Introducing Features for Superlanguages

 

Modern programming languages increasingly contain features that allow the host language system to be extended by the programmer. The requirements for extensibility stem from a desire to allow problem and solution domain features to be represented directly or declaratively in the program and for the execution engine of the host language to directly execute new features, thereby having knowledge of the language extensions. Features such as meta-programming in Smalltalk, the CLOS MOP, reflection in LISP and Java, Java Annotations, C++ Templates etc., in addition to features of more specialized languages, all offer various ways of extensibility. However these languages are complex, and extensibility features are often incomplete. We will use the term superlanguage to describe a programming system that can be extended. This article is the first of a series that describes a simple core language that captures the essential features of being a superlanguage and shows examples of how it can be used to build languages from modular units.

 

A superlanguage offers the following features:

 

o   Concrete syntax processing. Such a feature must allow new language constructs to be defined.

o   First-class language modules. Language definitions should be data values, subject to normal scoping rules, parameteric etc.

o   Meta-Programming. Arbitrary computations can be performed when processing syntax in order to process declarative language constructs.

o   Access to the abstract syntax ADT of host programming language that can be used to construct and transform arbitrary programs.

o   Control over the scope of languages so that, once defined, a new language feature can be placed in scope for a given extent of program text.

o   The ability to construct recursive definitions including those that involve grammars and language constructs.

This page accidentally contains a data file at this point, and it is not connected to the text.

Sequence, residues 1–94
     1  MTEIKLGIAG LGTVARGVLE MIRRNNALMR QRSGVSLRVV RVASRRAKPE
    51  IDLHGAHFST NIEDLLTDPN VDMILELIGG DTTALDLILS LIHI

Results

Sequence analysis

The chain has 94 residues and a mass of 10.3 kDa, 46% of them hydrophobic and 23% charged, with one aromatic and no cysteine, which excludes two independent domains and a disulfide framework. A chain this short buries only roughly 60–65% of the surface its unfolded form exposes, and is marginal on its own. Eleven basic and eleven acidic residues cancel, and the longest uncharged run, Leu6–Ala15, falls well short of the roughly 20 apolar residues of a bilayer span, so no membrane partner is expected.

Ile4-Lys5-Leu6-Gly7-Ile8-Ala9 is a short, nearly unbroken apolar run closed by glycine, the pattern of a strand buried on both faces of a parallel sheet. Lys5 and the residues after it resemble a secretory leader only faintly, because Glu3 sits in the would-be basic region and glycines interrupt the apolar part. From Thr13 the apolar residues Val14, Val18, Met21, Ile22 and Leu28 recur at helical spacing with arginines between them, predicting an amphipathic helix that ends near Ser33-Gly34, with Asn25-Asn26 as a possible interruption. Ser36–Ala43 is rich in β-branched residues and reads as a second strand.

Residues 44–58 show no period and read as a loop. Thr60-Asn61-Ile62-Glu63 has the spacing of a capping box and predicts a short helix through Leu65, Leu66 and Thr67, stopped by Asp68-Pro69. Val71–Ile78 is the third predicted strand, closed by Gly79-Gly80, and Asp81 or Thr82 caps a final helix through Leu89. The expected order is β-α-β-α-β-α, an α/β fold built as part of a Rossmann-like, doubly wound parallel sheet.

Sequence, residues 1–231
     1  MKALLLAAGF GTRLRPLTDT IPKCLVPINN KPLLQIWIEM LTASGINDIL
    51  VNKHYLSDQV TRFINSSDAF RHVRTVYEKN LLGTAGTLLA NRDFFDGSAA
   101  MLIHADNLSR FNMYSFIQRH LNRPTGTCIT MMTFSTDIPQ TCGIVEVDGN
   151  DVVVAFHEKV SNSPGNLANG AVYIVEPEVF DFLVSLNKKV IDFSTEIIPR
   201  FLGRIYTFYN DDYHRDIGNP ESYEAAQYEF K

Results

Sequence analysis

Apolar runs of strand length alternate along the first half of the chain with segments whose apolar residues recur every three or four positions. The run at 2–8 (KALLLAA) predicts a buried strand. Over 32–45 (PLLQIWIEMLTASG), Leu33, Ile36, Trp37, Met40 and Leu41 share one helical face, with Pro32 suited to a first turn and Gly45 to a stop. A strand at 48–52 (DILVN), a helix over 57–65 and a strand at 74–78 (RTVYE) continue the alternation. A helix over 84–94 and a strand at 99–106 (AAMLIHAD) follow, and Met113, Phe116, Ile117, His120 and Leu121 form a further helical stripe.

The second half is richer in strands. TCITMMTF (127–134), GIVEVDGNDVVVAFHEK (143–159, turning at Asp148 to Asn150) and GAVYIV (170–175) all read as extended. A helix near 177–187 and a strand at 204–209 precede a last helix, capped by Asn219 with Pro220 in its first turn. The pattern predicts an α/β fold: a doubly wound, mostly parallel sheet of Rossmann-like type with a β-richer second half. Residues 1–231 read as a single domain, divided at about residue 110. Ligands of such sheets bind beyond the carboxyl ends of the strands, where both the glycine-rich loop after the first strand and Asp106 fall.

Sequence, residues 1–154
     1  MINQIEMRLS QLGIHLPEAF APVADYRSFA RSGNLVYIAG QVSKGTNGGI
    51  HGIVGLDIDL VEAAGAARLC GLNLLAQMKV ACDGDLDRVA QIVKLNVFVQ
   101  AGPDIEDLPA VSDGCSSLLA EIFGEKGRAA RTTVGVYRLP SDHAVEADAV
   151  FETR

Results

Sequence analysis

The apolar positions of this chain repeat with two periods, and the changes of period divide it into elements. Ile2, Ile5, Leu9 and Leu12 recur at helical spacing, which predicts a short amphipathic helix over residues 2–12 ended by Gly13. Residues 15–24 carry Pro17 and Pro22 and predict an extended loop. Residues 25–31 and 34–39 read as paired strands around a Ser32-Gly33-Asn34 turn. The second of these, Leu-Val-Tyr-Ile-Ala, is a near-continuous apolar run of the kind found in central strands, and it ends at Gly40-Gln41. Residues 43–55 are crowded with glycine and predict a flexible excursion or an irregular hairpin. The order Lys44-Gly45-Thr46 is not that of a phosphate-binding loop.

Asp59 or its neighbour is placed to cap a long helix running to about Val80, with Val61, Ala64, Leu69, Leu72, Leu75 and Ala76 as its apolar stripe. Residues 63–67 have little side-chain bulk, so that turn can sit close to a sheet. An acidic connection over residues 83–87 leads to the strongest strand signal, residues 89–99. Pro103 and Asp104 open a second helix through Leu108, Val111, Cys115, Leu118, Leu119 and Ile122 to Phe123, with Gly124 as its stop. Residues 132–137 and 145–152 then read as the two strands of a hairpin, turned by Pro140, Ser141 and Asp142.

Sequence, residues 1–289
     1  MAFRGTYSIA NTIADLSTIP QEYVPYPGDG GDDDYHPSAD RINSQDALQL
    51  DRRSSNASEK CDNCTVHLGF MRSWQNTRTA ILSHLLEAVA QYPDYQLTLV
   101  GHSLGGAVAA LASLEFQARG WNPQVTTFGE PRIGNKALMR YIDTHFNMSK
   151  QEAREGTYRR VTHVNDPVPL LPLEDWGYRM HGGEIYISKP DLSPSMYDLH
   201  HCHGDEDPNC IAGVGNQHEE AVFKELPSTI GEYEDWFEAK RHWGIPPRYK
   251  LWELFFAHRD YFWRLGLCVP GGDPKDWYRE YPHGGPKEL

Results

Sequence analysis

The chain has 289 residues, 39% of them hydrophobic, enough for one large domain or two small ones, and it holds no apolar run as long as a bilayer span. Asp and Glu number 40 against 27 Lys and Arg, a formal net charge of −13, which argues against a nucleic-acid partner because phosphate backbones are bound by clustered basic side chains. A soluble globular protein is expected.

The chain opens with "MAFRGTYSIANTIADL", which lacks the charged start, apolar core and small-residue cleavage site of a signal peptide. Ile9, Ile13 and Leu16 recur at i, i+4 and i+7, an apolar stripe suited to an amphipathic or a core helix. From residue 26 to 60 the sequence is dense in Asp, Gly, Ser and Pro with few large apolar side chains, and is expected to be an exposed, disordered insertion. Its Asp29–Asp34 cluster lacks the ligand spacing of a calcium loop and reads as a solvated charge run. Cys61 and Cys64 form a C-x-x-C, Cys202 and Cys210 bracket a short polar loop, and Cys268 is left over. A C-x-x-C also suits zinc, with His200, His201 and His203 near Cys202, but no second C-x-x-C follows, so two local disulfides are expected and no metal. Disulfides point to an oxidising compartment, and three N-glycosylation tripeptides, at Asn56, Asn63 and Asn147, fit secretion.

The language being introduced in this article is called XPL. It is a small, simple and universal superlanguage. In XPL, grammars are first class data values. An XPL program consists of top-level definitions supplied as name-value pairs. The following shows a top-level definition of a grammar names arith:

 

arith = {

  start      -> a=atom tail^(a);

  atom       -> int | '(' a=arith ')' { a };

  int        -> n=(['0','9'])+ { asInt(n) };

  tail(left) -> o=op right=start {

    case o {

      '*' -> left * right;

      '/' -> left / right

  };

  tail(left) -> { left };

  op         -> ('/' | '*')

}

 

The grammar consists of a sequence of rules. Each rule has a name, an arrow (->), and a body. The body defines how the concrete syntax is to be processed and transformed into a value. The definition is repeated below with comments:

 

arith = {

 

  // The start rule calls the rule named ‘atom’

  // calls the resulting value ‘a’ and then calls

  // the rule named ‘tail’ passing the value of a…

 

  start      -> a=atom tail^(a);

 

  // An atom is either an int or an arith in parentheses.

  // Notice that ‘arith’ is a recursive reference to

  // the grammar. When a grammar is used, the starting

  // rule is called (the first rule defined in the grammar).

  // Rule actions in ‘{‘ and ‘}’ synthesize values and

  // can reference any of the vriables bound in the rule…

 

  atom       -> int | '(' a=arith ')' { a };

 

  // An integer is a non-empty sequence of integer chars.

  // The use of ‘+’ produces a sequence of values named

  // ‘n’ that is passed to the function ‘asInt’ that

  // transforms a sequence of integers in the range ‘0’ – ‘9’

  // into the corresponding integer…

 

  int        -> n=(['0','9'])+ { asInt(n) };

 

  // The rule named ‘tail’ takes an argument named ‘left’

  // it processes an operator and a right hand expression

  // The action performs case analysis on the operator

  // in order to perform the correct arithmetic expression…

 

  tail(left) -> o=op right=arith {

    case o {

      '*' -> left * right;

      '/' -> left / right

  };

 

  // The tail rule has two alternatives, here is the second

  // that is used if no operator is found…

 

  tail(left) -> { left };

 

  // An operator can be a divide or multiply symbol…

 

  op         -> ('/' | '*')

}

 

The grammar can then be used to process a string written in the language:

 

arith.parse(’10 * 20’)

 

=> 200

 

This type of language embedding is supported by a few language systems (for example SQL in Java). However, the host and the embedded languages are not really integrated properly since there is a complete phase shift when the string is interpreted by the grammar. Furthermore, the syntax and semantic processing of the language is merged together into the grammar which makes the language definition difficult to reuse and extend. The next post will look at separating out the syntax and semantics of the language into a language module.